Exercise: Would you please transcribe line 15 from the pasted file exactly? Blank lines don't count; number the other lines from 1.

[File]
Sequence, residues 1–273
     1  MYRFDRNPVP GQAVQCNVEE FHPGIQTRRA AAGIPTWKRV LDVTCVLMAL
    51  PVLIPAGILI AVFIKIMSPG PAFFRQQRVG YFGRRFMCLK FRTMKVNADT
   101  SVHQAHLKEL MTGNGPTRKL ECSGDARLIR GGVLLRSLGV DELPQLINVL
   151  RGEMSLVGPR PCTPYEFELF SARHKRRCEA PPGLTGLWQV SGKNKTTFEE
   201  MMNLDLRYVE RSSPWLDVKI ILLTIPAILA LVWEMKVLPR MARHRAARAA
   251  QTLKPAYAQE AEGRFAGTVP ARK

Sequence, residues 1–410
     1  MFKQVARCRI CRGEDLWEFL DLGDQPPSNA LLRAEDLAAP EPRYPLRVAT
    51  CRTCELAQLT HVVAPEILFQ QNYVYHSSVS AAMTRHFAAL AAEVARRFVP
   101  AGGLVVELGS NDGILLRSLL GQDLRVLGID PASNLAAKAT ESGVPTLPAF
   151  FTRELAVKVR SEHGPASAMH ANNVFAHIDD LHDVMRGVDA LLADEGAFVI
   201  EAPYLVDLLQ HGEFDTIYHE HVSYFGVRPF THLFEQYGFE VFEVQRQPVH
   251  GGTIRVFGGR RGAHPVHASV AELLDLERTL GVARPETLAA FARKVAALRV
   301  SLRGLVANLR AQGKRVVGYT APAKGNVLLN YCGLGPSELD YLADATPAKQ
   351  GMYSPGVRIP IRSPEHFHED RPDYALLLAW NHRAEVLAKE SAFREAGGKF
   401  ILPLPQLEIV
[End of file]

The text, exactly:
   301  SLRGLVANLR AQGKRVVGYT APAKGNVLLN YCGLGPSELD YLADATPAKQ